Year Released: 2011
MPAA Rating: Unrated
Running Time: 30 minutes
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Ben Wilson’s In Current Season has been giving me mental fits since watching it, mainly in that I’ve been trying to grasp precisely what it all means. On a strictly basic level, it’s a series of short moments in the lives of a few young adults: Sam (Forrest French) and Britney (Torey Byrne) are a couple, but they’re having issues because Britney is fixated on taking the next step in their relationship and Sam is focused on improving his future through college. Britney’s younger sister, Marion (Morgan Edwards), has found herself the object of affection of Sam’s friend Mike (Ben Wilson), though a proposed date at a high school dance seems destined for failure based on the meticulous approach Mike takes to crafting the perfect experience; namely, if he could choreograph every aspect of it, even down to Marion’s haircut, he’d do it.
These little moments in the main characters’ lives play out in beautifully minimalistic black-and-white with an omniscient voiceover and chapter markers to guide the proceedings. The acting from all is competent, meaning no one specifically stands out as exceptional but, likewise, no one stands out as awful either. In other words, I’m at a loss to find anything that I really disliked about the short, or wish to criticize too heavily though, at 30 minutes long, it is stuck in “short film no man’s land.” Still, something seems to be missing for me.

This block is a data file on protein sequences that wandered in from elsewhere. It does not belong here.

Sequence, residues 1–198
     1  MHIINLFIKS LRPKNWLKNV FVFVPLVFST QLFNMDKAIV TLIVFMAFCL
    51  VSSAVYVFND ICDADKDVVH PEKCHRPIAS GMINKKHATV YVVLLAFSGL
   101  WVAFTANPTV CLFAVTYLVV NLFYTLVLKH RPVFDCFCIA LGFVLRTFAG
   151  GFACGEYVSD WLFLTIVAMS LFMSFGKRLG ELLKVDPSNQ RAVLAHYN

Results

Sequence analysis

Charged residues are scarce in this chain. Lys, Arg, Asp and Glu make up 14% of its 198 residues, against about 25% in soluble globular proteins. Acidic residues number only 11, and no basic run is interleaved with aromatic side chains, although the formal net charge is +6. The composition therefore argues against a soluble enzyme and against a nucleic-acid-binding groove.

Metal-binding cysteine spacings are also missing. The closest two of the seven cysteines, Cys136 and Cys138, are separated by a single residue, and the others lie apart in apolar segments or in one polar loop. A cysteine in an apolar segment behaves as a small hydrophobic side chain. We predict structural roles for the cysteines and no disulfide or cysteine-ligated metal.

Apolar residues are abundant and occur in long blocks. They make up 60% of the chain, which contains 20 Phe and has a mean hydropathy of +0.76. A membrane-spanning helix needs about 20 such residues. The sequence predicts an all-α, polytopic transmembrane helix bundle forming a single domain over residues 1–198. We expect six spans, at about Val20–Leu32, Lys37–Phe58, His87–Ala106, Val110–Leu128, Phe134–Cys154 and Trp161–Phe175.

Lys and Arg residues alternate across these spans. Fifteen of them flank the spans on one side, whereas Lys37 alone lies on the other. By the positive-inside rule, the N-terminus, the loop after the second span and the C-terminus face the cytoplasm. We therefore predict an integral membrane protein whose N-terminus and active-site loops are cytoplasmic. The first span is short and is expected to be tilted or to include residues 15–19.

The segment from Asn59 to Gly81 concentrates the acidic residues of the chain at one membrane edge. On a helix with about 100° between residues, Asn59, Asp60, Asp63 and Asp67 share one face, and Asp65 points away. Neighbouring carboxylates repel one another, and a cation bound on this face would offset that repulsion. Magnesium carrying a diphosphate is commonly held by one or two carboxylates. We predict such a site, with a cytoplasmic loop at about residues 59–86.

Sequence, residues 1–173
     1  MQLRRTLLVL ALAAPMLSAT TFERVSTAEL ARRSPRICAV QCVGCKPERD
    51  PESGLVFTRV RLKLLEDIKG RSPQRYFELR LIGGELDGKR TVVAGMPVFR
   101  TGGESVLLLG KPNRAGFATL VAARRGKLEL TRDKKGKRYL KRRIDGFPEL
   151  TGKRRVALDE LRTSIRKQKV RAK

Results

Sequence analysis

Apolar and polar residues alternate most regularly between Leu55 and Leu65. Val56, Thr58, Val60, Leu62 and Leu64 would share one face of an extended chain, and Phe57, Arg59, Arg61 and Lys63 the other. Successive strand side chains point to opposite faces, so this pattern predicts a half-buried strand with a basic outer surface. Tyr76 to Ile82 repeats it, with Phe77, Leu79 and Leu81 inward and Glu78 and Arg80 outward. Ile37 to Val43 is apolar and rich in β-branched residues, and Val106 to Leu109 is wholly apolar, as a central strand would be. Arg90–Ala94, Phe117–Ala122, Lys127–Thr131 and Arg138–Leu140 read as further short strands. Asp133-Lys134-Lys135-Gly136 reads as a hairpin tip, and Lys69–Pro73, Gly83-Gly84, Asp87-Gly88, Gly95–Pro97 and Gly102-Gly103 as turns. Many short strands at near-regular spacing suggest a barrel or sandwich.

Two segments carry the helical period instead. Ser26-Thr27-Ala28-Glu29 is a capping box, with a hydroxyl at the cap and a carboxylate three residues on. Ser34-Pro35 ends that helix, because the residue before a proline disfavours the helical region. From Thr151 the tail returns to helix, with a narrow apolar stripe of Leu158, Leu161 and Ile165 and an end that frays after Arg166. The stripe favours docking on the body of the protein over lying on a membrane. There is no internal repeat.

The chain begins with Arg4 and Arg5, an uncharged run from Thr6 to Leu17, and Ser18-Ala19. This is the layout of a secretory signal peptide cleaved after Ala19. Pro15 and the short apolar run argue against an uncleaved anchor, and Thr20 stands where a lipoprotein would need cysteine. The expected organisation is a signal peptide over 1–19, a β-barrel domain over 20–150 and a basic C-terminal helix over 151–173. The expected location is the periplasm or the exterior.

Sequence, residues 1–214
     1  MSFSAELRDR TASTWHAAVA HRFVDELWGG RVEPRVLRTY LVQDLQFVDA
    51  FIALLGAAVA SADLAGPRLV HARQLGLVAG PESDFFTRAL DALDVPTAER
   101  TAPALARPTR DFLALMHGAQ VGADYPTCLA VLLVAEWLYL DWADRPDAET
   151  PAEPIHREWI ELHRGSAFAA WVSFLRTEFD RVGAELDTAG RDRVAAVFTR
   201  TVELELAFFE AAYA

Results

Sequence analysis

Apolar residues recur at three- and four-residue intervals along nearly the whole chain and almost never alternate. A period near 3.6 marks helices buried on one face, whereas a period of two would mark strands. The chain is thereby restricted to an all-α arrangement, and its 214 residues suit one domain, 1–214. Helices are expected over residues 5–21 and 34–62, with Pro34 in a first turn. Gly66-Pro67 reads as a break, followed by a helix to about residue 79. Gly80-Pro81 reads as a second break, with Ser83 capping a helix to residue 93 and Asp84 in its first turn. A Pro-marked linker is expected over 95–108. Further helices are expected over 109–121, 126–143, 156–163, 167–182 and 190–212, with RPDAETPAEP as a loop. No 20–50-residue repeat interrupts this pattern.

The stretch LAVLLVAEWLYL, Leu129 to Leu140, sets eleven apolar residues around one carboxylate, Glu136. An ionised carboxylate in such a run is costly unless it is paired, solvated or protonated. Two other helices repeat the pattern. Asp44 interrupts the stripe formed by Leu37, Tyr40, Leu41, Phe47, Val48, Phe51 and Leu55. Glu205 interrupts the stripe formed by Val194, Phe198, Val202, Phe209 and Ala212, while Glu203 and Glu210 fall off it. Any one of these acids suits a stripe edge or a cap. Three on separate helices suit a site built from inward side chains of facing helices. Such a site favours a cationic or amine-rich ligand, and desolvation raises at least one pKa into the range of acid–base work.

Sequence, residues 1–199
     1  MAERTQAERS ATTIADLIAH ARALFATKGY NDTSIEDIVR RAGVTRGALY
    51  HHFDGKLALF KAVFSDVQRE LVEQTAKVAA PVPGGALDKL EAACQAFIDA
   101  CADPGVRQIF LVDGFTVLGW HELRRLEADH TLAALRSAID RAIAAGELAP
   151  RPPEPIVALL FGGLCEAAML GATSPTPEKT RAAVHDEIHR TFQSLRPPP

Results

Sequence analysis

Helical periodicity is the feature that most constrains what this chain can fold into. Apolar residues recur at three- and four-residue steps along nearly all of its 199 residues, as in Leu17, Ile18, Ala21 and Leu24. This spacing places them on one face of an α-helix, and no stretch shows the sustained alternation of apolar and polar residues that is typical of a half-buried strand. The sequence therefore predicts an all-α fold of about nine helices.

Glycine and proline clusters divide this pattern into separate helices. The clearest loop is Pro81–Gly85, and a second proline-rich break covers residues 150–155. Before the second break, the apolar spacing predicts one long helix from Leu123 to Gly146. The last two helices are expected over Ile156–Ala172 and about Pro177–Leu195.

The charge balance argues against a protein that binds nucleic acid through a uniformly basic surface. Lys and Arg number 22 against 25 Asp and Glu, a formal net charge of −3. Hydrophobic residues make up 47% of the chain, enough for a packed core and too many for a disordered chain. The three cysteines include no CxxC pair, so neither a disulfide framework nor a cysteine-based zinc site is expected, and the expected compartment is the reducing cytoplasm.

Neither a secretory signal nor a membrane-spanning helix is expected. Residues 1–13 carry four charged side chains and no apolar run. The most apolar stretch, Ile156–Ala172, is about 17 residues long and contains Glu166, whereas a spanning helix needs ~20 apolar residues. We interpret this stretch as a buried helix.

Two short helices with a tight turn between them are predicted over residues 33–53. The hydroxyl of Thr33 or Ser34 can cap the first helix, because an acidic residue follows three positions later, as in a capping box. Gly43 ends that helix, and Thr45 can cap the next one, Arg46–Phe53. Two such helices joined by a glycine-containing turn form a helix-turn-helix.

As I stated in the beginning, I’ve been having trouble figuring out exactly what this film is, or what it is trying to say. Is it just an artistic expansion upon the minutia of growing up? Is it trying to say something about manipulation in relationships? Is it a statement on how the most trivial of experiences can appear to be the biggest of moments when stuck in the middle of it? Just as the characters drift in and out of confusion, is there nothing for me to figure out? Is there no answer? Am I just projecting?
This is the type of film that benefits more from the creation of the conversation than some outright dictation of meaning, ultimately. Again, completely solid and competent affair from top to bottom, but nothing terribly exceptional. Unfortunately, it’s just in that forgettable middle (and, again, if it’s looking for a film festival life, its length will be problematic for programming).
Kudos should be given to Ben Wilson and crew for making something that is entertaining and solid in its duration; that is not all that easy a thing to do, as exemplified by all the films that I can’t even elevate to “competent” status. I just wish I had connected with the film more than I did. I still think there’s something more to the film than I’m getting out of it, but maybe that’s just wishful thinking.
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Posted on October 31, 2011 in Reviews by Mark Bell
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